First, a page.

Manoj Mitra seems to reserve his sober writing for his own group Sundaram, while his lighter works are available for other groups. Bohurupee in particular has put on successful stagings of at least two Mitra comedies—Rājdarshan and Kinu Kāhārer Thetār—the latter premiered on the occasion of Bohurupee’s fortieth anniversary in 1988, but still very much in their repertoire, serving as their entry in the Anamika Kala Sangam/Four Square Critics Choice festival (Gyan Manch, March 6).
The play is a witty metatheatrical story about a village troupe and its rustic histrionics. Mitra weaves the outer and inner tales dexterously, as we learn how Kinu Kahar (the manager) was never allowed to complete any show of his drama titled Ghantakarner Pālā because the authorities always construed it as subversive. The play within the play also ends ambivalently since the simpleton Ghantakarna, who accidentally makes a career out of functioning as the local scapegoat in any problem, finds himself in a situation where he can reach the peak of his “profession” by becoming the ultimate scapegoat—earning his biggest payoff by agreeing to die in place of the real culprit.
As director, Kumar Roy preserves the dual thrust by nurturing the surface humour as well as cultivating the ironic nuances. His comic touch brings a welcome corrective to Bohurupee’s image, which may have suffered stereotyping as too intellectual. Roy underscores the notion that comedy is not necessarily inferior theatre. In the eponymous role, Tarapada Mukhopadhyay is perfect, giving his performance as Ghantakarna just enough moronity to differentiate between the inner and outer parts. The two women members of his group—his money-minded wife (Sukriti Lahori) and more appealing sister-in-law (Sumita Basu)—are the most memorable among the supporting cast.
Revivals are among the trickiest propositions in the theatrical business, particularly when the original production happened to receive some amount of acclaim. Both Nakshatra’s Brishti Brishti (March 11) and Samikshan’s Mrichchhakatik (March 13) were selected for the Anamika Kala Sangam/Four Square Critics Choice festival on the strength of their past repute, but both exemplified in different ways how revivals can turn comparatively lacklustre.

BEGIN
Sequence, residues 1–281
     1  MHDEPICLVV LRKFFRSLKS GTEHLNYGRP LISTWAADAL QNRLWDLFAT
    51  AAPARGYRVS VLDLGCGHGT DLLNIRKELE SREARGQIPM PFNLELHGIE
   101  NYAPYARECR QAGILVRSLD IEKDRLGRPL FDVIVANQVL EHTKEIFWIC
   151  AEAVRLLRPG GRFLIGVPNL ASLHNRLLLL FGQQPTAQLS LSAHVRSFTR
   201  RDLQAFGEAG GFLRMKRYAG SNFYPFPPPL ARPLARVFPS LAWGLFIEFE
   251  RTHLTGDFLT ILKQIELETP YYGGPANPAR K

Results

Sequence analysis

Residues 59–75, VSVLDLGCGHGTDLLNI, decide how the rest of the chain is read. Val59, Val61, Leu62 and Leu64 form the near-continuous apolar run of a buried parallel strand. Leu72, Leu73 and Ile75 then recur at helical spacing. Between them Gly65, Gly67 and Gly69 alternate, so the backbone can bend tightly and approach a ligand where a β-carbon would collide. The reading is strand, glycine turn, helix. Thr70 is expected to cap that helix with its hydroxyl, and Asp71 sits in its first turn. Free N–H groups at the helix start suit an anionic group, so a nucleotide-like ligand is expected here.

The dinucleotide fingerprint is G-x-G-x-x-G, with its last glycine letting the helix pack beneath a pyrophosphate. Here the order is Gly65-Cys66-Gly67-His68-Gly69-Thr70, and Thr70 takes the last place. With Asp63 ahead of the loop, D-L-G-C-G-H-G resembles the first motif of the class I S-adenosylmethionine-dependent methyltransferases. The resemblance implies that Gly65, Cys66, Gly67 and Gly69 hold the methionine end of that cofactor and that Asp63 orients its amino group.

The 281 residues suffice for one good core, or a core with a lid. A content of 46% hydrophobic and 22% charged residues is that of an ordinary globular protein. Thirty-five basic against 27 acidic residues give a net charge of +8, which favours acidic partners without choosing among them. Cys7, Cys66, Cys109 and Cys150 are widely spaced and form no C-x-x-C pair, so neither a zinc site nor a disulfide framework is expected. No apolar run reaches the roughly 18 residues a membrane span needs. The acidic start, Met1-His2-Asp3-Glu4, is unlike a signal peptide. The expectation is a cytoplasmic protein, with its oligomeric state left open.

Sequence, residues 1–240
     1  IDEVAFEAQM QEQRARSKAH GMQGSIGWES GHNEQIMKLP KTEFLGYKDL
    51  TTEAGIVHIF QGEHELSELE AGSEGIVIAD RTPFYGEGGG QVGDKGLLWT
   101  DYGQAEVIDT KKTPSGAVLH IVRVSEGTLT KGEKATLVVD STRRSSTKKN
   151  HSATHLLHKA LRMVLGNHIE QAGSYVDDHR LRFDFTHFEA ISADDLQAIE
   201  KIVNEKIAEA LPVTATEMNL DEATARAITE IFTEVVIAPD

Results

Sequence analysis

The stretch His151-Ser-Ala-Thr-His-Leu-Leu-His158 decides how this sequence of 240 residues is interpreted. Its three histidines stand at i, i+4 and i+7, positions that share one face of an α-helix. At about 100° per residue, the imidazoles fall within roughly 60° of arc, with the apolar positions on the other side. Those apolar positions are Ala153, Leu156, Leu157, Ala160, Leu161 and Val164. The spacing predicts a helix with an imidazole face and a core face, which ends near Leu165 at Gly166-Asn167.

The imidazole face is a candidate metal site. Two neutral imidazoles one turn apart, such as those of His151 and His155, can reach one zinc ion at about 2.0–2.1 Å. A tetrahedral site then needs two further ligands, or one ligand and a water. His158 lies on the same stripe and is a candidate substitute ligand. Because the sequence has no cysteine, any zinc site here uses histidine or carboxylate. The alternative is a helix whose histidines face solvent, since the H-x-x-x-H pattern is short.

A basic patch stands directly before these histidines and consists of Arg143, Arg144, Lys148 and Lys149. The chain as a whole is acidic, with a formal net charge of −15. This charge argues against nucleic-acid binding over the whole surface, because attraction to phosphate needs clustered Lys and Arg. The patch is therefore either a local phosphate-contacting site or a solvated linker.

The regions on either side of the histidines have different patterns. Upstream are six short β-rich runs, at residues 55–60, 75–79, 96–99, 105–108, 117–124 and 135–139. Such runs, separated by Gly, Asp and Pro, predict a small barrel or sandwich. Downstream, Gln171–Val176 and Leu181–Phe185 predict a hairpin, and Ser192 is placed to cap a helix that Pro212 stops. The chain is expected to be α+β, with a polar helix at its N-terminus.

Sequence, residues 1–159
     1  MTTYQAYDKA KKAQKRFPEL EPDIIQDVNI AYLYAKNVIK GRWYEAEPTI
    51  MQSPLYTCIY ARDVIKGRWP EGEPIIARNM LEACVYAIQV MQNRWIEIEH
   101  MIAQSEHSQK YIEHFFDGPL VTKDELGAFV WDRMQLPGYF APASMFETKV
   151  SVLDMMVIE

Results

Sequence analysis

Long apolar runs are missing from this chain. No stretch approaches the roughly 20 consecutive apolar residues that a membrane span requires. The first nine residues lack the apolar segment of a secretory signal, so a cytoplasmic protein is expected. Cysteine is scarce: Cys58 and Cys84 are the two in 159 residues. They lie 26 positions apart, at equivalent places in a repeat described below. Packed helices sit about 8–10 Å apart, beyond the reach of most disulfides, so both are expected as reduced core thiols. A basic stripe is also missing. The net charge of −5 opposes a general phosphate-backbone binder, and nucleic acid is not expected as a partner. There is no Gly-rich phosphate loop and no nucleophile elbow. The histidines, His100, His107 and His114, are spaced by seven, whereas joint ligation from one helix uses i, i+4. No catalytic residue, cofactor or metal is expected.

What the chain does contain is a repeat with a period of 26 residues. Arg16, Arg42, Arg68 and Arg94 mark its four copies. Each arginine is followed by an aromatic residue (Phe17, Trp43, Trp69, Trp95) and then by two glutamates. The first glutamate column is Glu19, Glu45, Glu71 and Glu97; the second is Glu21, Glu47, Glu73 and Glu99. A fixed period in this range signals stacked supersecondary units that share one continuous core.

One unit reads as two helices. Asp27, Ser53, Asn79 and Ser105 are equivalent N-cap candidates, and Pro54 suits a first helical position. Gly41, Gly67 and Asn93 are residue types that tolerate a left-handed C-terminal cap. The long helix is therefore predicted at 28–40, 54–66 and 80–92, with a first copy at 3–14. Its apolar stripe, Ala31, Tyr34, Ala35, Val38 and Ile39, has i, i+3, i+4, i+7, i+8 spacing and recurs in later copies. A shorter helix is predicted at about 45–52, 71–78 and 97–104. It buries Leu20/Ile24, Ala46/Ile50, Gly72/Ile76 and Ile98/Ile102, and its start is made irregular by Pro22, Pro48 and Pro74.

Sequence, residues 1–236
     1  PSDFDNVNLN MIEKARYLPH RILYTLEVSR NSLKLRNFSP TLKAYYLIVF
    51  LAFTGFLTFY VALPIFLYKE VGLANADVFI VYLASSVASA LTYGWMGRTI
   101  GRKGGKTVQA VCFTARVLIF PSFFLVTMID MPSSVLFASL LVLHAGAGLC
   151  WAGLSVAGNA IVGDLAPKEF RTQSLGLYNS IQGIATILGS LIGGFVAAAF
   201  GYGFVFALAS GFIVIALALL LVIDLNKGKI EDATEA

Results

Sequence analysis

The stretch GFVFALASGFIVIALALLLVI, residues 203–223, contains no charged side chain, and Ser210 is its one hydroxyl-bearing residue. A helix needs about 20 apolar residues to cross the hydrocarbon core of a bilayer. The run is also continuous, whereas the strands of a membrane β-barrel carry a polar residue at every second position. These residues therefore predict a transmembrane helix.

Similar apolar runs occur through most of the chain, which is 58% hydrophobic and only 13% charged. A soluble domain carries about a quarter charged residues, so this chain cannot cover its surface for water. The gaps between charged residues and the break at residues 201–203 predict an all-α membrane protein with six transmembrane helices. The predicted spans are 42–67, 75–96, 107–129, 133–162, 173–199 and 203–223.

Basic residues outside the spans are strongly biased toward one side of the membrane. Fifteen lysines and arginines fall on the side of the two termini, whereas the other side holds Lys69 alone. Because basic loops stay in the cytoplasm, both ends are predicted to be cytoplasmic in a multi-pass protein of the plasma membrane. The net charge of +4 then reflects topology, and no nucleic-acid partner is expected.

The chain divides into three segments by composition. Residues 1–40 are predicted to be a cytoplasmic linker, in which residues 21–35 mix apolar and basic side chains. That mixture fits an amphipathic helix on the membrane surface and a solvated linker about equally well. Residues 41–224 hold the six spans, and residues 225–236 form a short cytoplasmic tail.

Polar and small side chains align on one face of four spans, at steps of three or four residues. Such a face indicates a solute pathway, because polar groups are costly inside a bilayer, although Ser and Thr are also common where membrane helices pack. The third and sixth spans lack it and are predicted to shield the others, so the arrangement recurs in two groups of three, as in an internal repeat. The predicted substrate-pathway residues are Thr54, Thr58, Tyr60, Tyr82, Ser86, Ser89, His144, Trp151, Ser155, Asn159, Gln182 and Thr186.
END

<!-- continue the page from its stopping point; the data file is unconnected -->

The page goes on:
Brishti Brishti was one of Nakshatra’s many hits during the Seventies, but times have changed since then. Even the source of Asit De’s adaptation, Richard Nash’s The Rainmaker, has quietly slipped into oblivion and now cannot even find a place for itself in American theatre history. Its Fifties-style fantasy sounds too naively optimistic in our cynical times; thus it might have been better for Nakshatra to let sleeping dogs lie. Notwithstanding intense portrayals from the sister (Baishakhi Marjit) and one of the brothers (Swapan Roy), Shyamal Ghose is unable to update the directorial tone adequately; his own symptomatically sentimentalised postures as the magic-maker disappoint most of all.
Mohit Chattopadhyaya’s adaptation of Mrichchhakatik is a more recent success story for Samikshan, the one Bengali group who can handle large-cast choreographed musicals well. Unfortunately, this classic relies so much on the actress playing Vasantasena that, without the right person, it can become quite intolerable. Director Pankaj Munshi’s cardinal error in reviving this production is that he has not suitably replaced his initial leading lady: Angana Bose just does not have the poise to carry off one of the most sought female roles in Sanskrit drama. Her confidante, Madanika (Chitra Bhattacharjee), is even more shaky. Despite the men’s best efforts (specially Kali Mukherjee’s delightful Sansthanak), this version fails. The ordinary design and often unaesthetic music, surprisingly by the venerable Khaled Choudhury and Debashis Dasgupta respectively, cause further discomfort.
(From The Telegraph, 23 April 1993)